Why You Should Read Everything is Figureoutable
My shelves are lined with tons of self-help, motivational, how to be mentally tougher, & shift your mindset types of books. Most caught my attention based on a review or recommendation by someone. I purchased the book & dove in looking for inspiration & tips. However, I don’t find books that live up to the hype very often. Okay – everyone else said it was good or maybe you haven’t read many of that nature, so it seemed good to you.
I’m pretty picky. I want a book to have some content that is new or insightful or just makes me giggle because I can genuinely relate. When you read a lot on the same topic of course you’re going to have overlap, but I get frustrated with how much repeated crap I read. Here’s the thing, it’s not the good crap that gets repeated, it’s the same old – think positive thoughts, set goals, have a morning routine crap. So when I find a book that has a little different twist to it & makes me actually want to do the exercises it suggests or better yet, I find myself quoting a line or two from it, I figured I should tell people about it.
Everything is Figureoutable by Marie Forleo stood out to me. I read a book about every 2 weeks, & this puppy got me excited. It’s funny, raw, an easy read, & it’s relatable. It has stories that make you go WOW! I actually highlighted parts of the book, you know like you did back in school so you’d remember a concept. I know people rave about Rachel Hollis or Elizabeth Gilbert – they have decent books with some laugh out loud moments, but for me I don’t get what all the fuss is about. I liked many of their books, but I don’t know that I loved them. Marie’s latest book is tangible & I loved it.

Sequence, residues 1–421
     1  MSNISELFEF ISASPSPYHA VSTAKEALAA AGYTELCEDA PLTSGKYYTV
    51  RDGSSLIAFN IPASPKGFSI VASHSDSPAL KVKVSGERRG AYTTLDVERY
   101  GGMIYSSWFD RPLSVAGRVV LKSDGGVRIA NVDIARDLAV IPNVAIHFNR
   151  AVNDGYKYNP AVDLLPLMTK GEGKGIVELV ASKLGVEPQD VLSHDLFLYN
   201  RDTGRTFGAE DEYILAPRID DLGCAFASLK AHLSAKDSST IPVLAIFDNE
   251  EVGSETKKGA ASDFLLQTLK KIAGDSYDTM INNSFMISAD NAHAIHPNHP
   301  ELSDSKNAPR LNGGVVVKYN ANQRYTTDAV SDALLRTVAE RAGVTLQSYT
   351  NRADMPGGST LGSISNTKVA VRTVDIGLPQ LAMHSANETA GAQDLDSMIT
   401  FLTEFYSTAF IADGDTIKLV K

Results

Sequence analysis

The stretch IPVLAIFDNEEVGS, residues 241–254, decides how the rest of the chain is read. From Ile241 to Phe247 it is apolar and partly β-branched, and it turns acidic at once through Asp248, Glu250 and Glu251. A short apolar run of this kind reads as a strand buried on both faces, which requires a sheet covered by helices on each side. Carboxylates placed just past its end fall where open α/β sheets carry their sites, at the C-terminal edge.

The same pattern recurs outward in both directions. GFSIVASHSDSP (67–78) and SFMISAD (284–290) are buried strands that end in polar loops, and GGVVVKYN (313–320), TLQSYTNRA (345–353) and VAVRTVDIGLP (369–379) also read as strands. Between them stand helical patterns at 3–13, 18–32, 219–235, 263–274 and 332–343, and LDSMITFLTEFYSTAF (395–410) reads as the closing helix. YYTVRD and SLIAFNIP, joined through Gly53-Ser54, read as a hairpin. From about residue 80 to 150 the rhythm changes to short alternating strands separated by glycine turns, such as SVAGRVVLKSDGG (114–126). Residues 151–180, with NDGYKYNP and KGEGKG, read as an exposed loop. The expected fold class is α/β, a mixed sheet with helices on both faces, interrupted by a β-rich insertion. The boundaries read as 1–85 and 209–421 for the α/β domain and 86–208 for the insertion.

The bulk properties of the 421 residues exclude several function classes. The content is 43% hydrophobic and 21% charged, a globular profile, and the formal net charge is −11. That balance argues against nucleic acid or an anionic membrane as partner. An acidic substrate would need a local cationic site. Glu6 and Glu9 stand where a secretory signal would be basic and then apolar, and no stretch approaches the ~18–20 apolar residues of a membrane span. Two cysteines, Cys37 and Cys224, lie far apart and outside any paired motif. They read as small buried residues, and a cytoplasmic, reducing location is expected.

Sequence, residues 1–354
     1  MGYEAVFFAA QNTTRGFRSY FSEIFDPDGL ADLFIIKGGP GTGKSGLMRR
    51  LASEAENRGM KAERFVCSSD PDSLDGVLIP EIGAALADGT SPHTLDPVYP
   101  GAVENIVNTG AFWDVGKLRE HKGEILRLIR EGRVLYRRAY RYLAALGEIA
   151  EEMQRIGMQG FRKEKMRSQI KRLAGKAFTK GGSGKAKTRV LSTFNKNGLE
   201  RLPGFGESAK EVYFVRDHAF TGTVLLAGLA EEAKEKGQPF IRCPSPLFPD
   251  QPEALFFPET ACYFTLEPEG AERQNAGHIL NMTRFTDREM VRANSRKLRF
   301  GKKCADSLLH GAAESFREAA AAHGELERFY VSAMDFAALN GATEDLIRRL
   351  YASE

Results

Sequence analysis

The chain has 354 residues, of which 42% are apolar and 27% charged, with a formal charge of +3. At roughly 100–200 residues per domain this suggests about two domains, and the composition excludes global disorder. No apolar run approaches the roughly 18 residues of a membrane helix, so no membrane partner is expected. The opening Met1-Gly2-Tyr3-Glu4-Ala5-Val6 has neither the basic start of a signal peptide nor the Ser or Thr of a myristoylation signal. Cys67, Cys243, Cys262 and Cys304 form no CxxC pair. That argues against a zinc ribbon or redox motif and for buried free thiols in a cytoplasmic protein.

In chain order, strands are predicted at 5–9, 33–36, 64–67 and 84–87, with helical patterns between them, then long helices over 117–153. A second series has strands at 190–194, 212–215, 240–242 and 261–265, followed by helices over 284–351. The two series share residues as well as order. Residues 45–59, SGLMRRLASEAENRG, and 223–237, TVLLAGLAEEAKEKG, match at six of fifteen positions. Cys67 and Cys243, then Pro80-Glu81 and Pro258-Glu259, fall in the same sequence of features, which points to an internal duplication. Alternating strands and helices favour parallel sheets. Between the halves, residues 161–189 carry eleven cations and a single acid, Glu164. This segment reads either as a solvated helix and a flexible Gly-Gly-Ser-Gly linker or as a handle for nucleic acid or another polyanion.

Just so you know, I’m not a fan girl, I didn’t know who she was, I mean not really know, before a few months ago when I attended some online trainings & she was mentioned a lot. I’d only heard of Marie Kondo & all that de-clutter business. Turns out this Marie has B school, MarieTV, a podcast, & is worth 4.5 million. I share this, because I didn’t buy her book because she wrote it. She’s the real deal though.
I got into several ideas in her book, they’re not all new, but she has a way with words & selling the idea to you that got me. She doesn’t tell you do something, she paints a picture of why it’s worth investing in yourself. She provides the science behind why something will work, not just woo-woo. I want the science if you want me to try something.
I want to share a few excerpts that I enjoyed throughout her book:
“Therapy is about healing your past. Coaching is about creating your future.”
“When we say we ‘can’t do’ something, that’s a euphemism for won’t. You don’t really want to. When we use the word can’t, we behave like victims.”
“Fear is not the enemy, waiting to stop feeling afraid is. The trick is allowing yourself to take action while feeling fear. Fear doesn’t speak words. She sends messages by making you ‘feel’. Then we interpret any fear like sensation to mean stop, danger, don’t do this. What if fear’s message wasn’t danger, but do it. Fear sent you a signal, we just misinterpreted it.”
“Failure is an event, not a characteristic. People can’t be failures. Failure is not who you are.”
“Purpose fuels persistence. Reasons come before results. Everything worthwhile is hard. Excruciatingly hard.”
“We tend to suffer from loss aversion as humans – we prefer avoiding loss to acquiring gains.”
“Whenever you notice your self talk being self-doubt – add ‘yet’ on the end of whatever you said. I’m not good with money yet. I don’t know how to do that yet.”
“Haters are confused admirers who can’t understand why everybody else likes you.”
“We’re all afraid of being judged, but we judge ourselves too. Human beings are judging machines. For everything we think is great, someone else hates it. Have a sense of humor about it. A person’s opinion is not the truth – it’s their truth.”
“Do whatever you can to put yourself in an environment that focuses on contribution, not complaint. Giving not getting. Service not self-importance. If you argue for your limitations, you get to keep them.”
I obviously got something out of this book, the next person may not & that’s okay. I just wanted to share without fear of judgement, that we could all benefit from performance psychology, mindset coaching & a clarity check every now & then. We all make time for things that are important to us.